I loved these stories and have ordered the book to enjoy them again. The audio quality, however, was so uneven it was occasionally difficult to listen. Good reader, but bad sound engineer. A most unfortunate result for such great writing!
Information is presented by a droning narrator. Conclusions are no longer persuasive -- much has changed since this book was written.
I teach a course on "Baseball & American Culture" and was really excited about this book. The subject needs more attention than it's had in the past and this seemed so promising. Unfortunately, the book is poorly structured, wandering all over the place, and is read by a plodding narrator who sounds like he's in his 70's (no slur on age -- I'm in my 60's -- but on his pacing (repetitive) and vocal timbre). I had to give up after three hours. Giving the disorganized structure, the written version will likely not be any better. Very disappointing.
As my title says, this one was not even close to being as good as the first in this series. The first was well written. This one seemed formulaic. I won't be listening to more, I suspect.
Lewis presents a provocative, scholarly argument that takes considerable focus to listen to and fully grasp (I've purchased the book to re-read his argument). And while I very much appreciated his perspectives, the narrator was extremely annoying in his frequently mispronounced words. Dominant among these words, and one that author Lewis uses throughout his book: "Pastoral." Pronounced "pas-TOR-al" by the narrator, every time he said it, I had to keep saying out loud: PAS-tor-al. grrrrr.... I went to online dictionaries to listen to audible pronunciations of this word, just to confirm that some new way of saying it hadn't entered the English language. It hasn't. So, the narrator (and whoever let him continue saying not only this word -- an especially important one when talking about the myth of baseball -- but the names of players as well) made this an even more difficult read. But I pushed on because I found the argument fascinating and, well, SMART.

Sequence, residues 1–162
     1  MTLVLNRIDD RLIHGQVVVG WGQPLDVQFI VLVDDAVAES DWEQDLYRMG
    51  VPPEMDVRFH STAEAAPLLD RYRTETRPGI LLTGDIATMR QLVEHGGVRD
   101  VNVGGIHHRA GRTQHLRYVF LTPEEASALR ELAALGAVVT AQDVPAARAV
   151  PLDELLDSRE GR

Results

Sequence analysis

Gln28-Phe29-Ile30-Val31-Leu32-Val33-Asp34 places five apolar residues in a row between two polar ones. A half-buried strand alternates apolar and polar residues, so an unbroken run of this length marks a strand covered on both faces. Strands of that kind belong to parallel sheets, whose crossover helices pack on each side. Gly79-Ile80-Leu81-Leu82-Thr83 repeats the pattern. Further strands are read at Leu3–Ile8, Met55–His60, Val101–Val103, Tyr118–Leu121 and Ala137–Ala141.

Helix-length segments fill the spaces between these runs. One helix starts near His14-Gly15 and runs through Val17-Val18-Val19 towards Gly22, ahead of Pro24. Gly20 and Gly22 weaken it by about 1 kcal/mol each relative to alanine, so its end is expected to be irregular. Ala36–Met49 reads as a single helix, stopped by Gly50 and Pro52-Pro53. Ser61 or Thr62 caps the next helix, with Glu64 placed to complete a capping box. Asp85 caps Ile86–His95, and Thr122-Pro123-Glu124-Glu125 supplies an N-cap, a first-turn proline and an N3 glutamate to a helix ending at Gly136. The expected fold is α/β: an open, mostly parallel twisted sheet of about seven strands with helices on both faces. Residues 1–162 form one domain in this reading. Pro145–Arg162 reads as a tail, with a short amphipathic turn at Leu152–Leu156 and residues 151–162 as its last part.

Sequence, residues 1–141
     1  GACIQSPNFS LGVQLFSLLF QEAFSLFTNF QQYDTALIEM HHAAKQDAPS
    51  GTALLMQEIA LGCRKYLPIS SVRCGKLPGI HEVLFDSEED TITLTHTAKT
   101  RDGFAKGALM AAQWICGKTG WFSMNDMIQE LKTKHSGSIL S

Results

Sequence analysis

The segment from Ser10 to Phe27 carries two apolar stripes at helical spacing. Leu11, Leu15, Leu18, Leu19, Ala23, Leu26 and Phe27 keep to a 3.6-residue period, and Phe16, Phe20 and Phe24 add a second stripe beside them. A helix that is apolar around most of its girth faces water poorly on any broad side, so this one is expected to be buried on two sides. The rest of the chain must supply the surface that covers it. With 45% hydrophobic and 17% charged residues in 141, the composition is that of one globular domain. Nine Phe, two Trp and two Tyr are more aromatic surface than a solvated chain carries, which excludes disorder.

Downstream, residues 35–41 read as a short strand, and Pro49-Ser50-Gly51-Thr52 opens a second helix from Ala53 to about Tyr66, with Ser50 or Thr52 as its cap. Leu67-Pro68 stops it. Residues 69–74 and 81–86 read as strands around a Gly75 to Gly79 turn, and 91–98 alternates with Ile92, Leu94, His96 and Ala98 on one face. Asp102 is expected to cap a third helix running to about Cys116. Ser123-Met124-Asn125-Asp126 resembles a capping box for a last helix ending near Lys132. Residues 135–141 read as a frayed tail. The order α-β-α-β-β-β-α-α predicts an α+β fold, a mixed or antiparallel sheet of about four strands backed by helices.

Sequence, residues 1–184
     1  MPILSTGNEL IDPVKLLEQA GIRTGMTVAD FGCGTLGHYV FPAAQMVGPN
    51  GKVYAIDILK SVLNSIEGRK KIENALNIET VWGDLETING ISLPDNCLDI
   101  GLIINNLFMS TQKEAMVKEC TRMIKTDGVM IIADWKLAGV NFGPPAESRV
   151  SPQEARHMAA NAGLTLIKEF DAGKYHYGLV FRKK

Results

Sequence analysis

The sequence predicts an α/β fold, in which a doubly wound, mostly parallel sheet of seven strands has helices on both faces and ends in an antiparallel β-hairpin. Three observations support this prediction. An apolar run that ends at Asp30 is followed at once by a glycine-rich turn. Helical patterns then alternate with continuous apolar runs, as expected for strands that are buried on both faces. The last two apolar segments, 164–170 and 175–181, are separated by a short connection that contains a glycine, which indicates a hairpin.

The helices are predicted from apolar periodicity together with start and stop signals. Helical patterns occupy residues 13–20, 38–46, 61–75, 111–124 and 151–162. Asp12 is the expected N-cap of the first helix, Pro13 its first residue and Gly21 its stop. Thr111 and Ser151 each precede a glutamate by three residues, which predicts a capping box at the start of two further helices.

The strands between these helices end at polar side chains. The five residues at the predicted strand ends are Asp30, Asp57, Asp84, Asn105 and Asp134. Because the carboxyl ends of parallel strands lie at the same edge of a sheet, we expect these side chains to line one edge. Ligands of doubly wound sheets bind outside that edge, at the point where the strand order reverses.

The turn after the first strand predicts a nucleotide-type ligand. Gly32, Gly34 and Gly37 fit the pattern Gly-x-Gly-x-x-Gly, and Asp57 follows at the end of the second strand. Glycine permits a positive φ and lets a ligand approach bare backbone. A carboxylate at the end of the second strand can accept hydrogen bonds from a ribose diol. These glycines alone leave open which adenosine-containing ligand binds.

This book had a weird, staccato feeling, in which plot elements jumped around and sometimes seemed to omit important information. It kept me from really engaging with the book in ways I might have with a smoother ride. In addition, the narrator was perhaps instructed to read with the vocal affect originally from Valley Girls but now much more widespread that is known as "vocal fry" at the end of sentences -- that growly, I'm-so-bored kind of tone -- and it annoyed the heck out of me. I tried to overlook it or credit it as an intentional, performative device, but it was difficult to do so.
This is a beautifully written book. The language and structure are so great that I'm going to buy a hard copy so that I can reread and admire the author's beautiful choices. The reader does a good job -- not as beautiful as the writing, but good enough to convey a great story.
I wish Quinn had found more ways to use the concept of a story told from the dog's perspective. It was such a great idea in his first book, Dog On It, and had lots of hilarious consequences. I loved the way in which Chet, the dog, would get distracted when his owner/partner Bernie was in the middle of explaining the crime they were trying to solve and we'd miss #3 in a list of three. Often, Chet would be listening and then spot a piece on food on the food "Ooh, a Cheetoh! My favorite" and gobble it up, never returning to Bernie's observations. He was a most unreliable narrator, but wonderfully so.
Unfortunately, no book has been as good as that first one. Instead, it seems like each book is less likable than the ones preceding it.
He should've been more excitable and frisky, in other words, "dog-like." I just don't see Chet being so solemn and deliberate.
Long time Audible member & never had a problem before. But this download repeatedly froze my iPod. I tried downloading again, and then downloading at lower quality. Nothing worked. Had to get a refund on this one. And I really was enjoying the story a lot!
Hated the kid in this story -- whine whine whine -- grew so repetitious I was actually yelling at my radio.
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